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Brown III : Kathleen Brown Has the War Chest, the Poll Results and the Family Ties to Make It to the Governor's Office. The Question Is, What Will She Do Once She Gets There?

August 22, 1993|CATHLEEN DECKER | Cathleen Decker is a Times political writer.

In an hour, Kathleen Brown will make her splashy entrance into the California Democratic Party convention. For now, her supporters are hunched in folding chairs in an anteroom at the gray concrete Sacramento Convention Center, plotting. Some of them had stood in line for hours the day before at Brown's photo booth, where she grasped hands and smiled into the camera for intimate pictures. Others are long-time Brown aides, here to witness yet another steppingstone in her career.

Brown is the California state treasurer, but what brings her here this weekend, two bright and sun-splashed days that will be spent almost completely inside the gloomy convention center, is her quest for the governorship. A formal announcement of her intentions will have to wait until December or January, but with plenty of money in the bank and a constant flow of appearances scheduled throughout the state, it seems nearly a foregone conclusion that Brown will become a candidate. She is seeking to follow her father, Edmund G. (Pat) Brown, and her brother, Jerry, in an office that could start to look like a family legacy.

Her convention appearance will be one of her first formal test runs, speaking before the party faithful in what amounts to practice for the 1994 elections.

In the anteroom, the small details that make up a political performance are calculated. When Brown comes in, the volunteers are told, they will wave their signs, facing the television cameras. In the midst of planning what will appear to be a spontaneous rush of affection, however, comes a woman's small, questioning voice. What about the issues? she asks. Are there any position papers?

"Assuming we're talking about a governor's race, that's a long way off," says Duane Peterson, a respected political veteran who today is guiding the Brown volunteers. "Right now, it's about enthusiasm!"

And so it is. When Brown arrives in the convention center arena on this spring morning, her supporters follow Peterson's commands to the letter, going wild in full view of TV cameras. She enters down a center aisle, almost dancing as the crowd sways around her for several minutes, shaking their regal purple-and-gold "Brown" signs as she mounts the stage.

Surveying the crowd, a gleeful smile etches across Brown's face. "I know I'm not supposed to say this, but if my dad were here, he'd say, 'Kathleen, just get up there and say you'll accept and sit down,' " she says to loud applause. And then she launches into her speech, equal parts apple pie and tough, motherly appeals to a California that needs to believe in itself again, a crisp delineation of the state's problems--its sagging economy, troubled schools and increasing crime--that carefully avoids the messiness of solutions.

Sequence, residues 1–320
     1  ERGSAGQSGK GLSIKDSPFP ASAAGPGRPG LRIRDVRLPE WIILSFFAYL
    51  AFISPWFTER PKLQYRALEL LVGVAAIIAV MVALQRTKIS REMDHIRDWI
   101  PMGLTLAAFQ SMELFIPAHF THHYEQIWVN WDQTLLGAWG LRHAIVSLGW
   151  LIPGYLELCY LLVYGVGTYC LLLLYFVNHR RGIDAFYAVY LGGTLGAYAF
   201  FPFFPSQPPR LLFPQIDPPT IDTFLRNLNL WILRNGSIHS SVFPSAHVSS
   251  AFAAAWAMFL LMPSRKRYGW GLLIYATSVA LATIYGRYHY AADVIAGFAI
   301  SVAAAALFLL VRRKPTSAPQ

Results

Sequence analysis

This is typical Kathleen Brown, say her friends and her foes--a well-organized burst of affection, a bow to the patriarch who looms over her political career, a blithe remark that bespeaks either a breezy confidence or a premature expectation of victory. And on the issues? So far, a lot of unanswered questions.

Yet it seems not to matter. Even if few people have a grasp of who she is, even if her buoyant, native optimism is her best-known political trait, Kathleen Brown is the acknowledged front-runner for governor in 1994. Current polls show her running ahead of her probable Democratic opponent, Insurance Commissioner John Garamendi, and, like Garamendi, swamping the Republican incumbent, Pete Wilson. Her campaign chest exceeds $3.5 million.

If political races were won on sheer likability, Brown, who is 47, would be a slam dunk; she exudes born-to-the-mission competence mixed with outright joy. Her ascension into the political stratosphere, after only a few years in public office, has drawn attention around the nation. "She's perceived as the star for the next election cycle," says Harriett Woods, president of the National Women's Political Caucus.

Yet if supporters see her as a charismatic, pragmatic Democrat, opponents see instead an apparition constructed by good public relations; a sort of one-woman Potemkin village, impressive on the outside but bare on the inside, bereft of the internal compass that guides effective politicians to their destiny. In short, they are asking--more insistently--the same question posed by the woman with the small, questioning voice in the convention anteroom.

Where does she stand? What would she do about the state's budget mess? Where would she lead a California that seems to be yearning for leadership? With less than three years in the treasurer's office and two years before that on the Los Angeles public works board--two decades after her 1970s service on the city school board--does she have what it takes to be governor?

"It's one thing to talk about the problems and another thing to put a solution on the table," says Republican political consultant Donna Lucas, echoing familiar criticisms.

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